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RE: [css-compositing] new Editor's draft posted -> update

From: David Dailey <ddailey@zoominternet.net>
Date: Thu, 23 May 2013 21:55:59 -0400
To: "'Rik Cabanier'" <cabanier@gmail.com>
Cc: <public-fx@w3.org>, "'www-style list'" <www-style@w3.org>, "'www-svg'" <www-svg@w3.org>, "'David Baron'" <dbaron@dbaron.org>, "'Robert O'Callahan'" <robert@ocallahan.org>
Message-ID: <00cc01ce5821$dc3b4540$94b1cfc0$@net>
Thanks Rik,

 

This helps a lot.

 

Cheers.

David

 

From: Rik Cabanier [mailto:cabanier@gmail.com] 
Sent: Thursday, May 23, 2013 8:18 PM
To: David Dailey
Cc: public-fx@w3.org; www-style list; www-svg; David Baron; Robert
O'Callahan
Subject: Re: [css-compositing] new Editor's draft posted -> update

 

 

On Thu, May 23, 2013 at 5:06 PM, David Dailey <ddailey@zoominternet.net>
wrote:

So let me see if I understand:

 

a)      Is compositing for CSS seen as a replacement or even a substitute
for filters..

 

no, it's simply a shorthand that makes them easier to use than filters.
(just like the CSS filter shorthands which are already quite successful.)

 

b)      Will work on SVG filters be abandoned allowing "compliant browsers"
to (as per the long term wishes of some of them) duck implementation of the
hard stuff?

 

no, if anything, this will make SVG filters better.

 

c)       Will there be a CSS module separate from compositing to handle the
broad spectrum of SVG filters? i.e, is CSS-filters forking into two parts:
compositing and the other stuff?

 

that is the CSS filters spec. See
https://dvcs.w3.org/hg/FXTF/raw-file/tip/filters/index.html

 

d)      By virtue of being composited in order and not as a tree,
css-compositing is intrinsically weaker than SVG filters.  On the other
hand, I gather that there is functionality being offered in css-compositing
that is either not present in SVG's feComposite or because of collusion
between certain browsers never going to be implemented by them. If so will
that additional functionality be added into SVG (in a real DOM approachable
sense and not involving  goofy CSS sleight of hand)??

The HTML drawing model is fundamentally different from SVG. See
http://www.w3.org/TR/CSS21/zindex.html

We have every intention to bring CSS blending to SVG as well; it just
requires different terminology (ie there are no stacking contexts but noone
has implemented non-isolated groups in SVG which is needed for the old spec
to work.)

I'm trying to see if I need to pay closer attention to these issues or if it
only matters to the HTML/CSS crowd. Periodically it seems browsers conspire
to cripple SVG, be it through proposing <canvas> or through not implementing
SMIL or SVG-fonts or enable-background  or by moving half-cool stuff to CSS,
and I suppose I should pay enough attention to know when to start reading up
on the laws that govern fair competition!  jiji. Chiste! Or maybe I'll have
to release new chapters of the books I've written and redo 1400 pages of
examples done for class.  But in the words of one implementer "there is no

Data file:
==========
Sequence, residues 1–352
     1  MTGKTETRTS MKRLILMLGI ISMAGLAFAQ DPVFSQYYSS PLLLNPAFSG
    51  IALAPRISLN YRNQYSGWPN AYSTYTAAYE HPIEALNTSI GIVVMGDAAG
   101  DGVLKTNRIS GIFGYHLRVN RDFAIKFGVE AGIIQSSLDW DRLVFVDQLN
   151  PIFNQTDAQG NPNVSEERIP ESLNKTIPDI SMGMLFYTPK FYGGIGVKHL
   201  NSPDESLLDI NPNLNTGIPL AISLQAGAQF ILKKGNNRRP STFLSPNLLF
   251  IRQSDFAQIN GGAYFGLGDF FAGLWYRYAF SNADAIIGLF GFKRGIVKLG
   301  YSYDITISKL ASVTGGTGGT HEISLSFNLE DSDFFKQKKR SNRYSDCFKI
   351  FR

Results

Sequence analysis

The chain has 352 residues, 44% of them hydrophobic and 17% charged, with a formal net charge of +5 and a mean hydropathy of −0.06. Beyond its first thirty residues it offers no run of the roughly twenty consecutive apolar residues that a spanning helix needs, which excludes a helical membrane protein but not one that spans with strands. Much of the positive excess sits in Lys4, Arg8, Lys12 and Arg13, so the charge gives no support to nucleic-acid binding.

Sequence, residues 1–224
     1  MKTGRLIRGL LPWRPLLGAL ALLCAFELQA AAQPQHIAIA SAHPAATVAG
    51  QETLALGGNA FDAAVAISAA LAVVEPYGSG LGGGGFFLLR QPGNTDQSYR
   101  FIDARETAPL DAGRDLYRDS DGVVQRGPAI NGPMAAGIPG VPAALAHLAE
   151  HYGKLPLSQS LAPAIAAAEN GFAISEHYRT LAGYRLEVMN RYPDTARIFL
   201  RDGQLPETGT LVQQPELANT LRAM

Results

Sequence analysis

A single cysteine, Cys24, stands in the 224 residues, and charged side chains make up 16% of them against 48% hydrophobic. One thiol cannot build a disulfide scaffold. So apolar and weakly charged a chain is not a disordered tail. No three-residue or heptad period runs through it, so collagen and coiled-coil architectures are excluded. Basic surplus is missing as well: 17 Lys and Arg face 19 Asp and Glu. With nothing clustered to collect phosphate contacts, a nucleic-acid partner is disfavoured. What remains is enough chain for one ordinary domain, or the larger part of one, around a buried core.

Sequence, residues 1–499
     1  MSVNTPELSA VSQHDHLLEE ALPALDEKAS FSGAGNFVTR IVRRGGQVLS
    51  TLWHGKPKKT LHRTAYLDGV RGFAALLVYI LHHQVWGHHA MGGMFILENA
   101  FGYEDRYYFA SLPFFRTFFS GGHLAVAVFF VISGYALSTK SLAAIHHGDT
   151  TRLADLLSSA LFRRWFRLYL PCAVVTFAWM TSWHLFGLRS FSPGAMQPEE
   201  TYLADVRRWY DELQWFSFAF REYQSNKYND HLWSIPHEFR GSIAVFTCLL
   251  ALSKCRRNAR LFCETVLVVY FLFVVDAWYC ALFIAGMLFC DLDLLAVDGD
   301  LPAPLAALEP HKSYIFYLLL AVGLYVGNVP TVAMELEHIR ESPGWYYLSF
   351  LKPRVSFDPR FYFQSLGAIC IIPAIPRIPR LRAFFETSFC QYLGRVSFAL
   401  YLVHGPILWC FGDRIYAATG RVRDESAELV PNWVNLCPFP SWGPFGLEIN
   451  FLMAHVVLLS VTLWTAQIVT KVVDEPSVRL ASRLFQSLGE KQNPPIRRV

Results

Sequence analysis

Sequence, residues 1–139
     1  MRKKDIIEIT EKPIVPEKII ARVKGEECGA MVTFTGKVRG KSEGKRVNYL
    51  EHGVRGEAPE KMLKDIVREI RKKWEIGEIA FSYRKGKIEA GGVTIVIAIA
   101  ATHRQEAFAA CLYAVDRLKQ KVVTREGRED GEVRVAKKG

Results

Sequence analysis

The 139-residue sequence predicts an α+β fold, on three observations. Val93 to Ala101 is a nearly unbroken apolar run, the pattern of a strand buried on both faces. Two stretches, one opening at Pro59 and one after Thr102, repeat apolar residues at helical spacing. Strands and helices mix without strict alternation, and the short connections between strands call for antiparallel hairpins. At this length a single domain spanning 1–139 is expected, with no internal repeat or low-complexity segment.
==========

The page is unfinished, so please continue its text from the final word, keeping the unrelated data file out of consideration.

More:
content out there that matters - we've already looked!"

 

We certainly don't want to cripple SVG...

 

 

 

From: Rik Cabanier [mailto:cabanier@gmail.com] 
Sent: Thursday, May 23, 2013 7:02 PM
To: public-fx@w3.org; www-style list; www-svg; David Baron; Robert
O'Callahan
Subject: [css-compositing] new Editor's draft posted -> update

 

After talking this over with our engineers, it turns out that the invisible
'layers' that browsers create, are not actually a problem.

This is because they are composited in order and not as a tree (at least on
webkit and blink).

For instance, if you have content like this:

<video>...</video>

<div>

<p>...</p>

<p style="mix-blend-mode">...

 

there will be 3 layers on the back-end: one for video, one for the <div> and
for the <p> with the blending.

This content will be composited as a list so <p> will composite and blend
with the composited result of <video> + <div> which is the desired behavior.

 

I updated the spec and removed that particular issue. I also worded it so
blending will happen between stacking context (which is what David Baron
suggested in an earlier email)

There will still be work needed on the implementation side to plumb this i,
but I think this will suffice for the specification.

 

Rik

 

On Tue, May 21, 2013 at 8:40 PM, Rik Cabanier <cabanier@gmail.com> wrote:

As a quick recap, people voiced concerns about the following issues before:

- background-blend-mode blends with the entire backdrop of the element

- does mix-blend-mode create a stacking context?

- what is the backdrop of mix-blend-mode?

 

The spec was changed so:

- images that have background-blend-mode applied will only blend between
themselves and the background color

- mix-blend-mode always creates a stacking context

- the backdrop is the stacking context of your ancestor -> this still needs
more discussion and is marked as an issue since it could be the ancestor
layer.

 

CSS constructs that create groups or layers, is something that developers
are getting more familiar with.

I realize that browser vendors are hesitant to specify them but it looks
that Google is starting to educate its users about them.

 

 
Received on Friday, 24 May 2013 01:57:09 UTC

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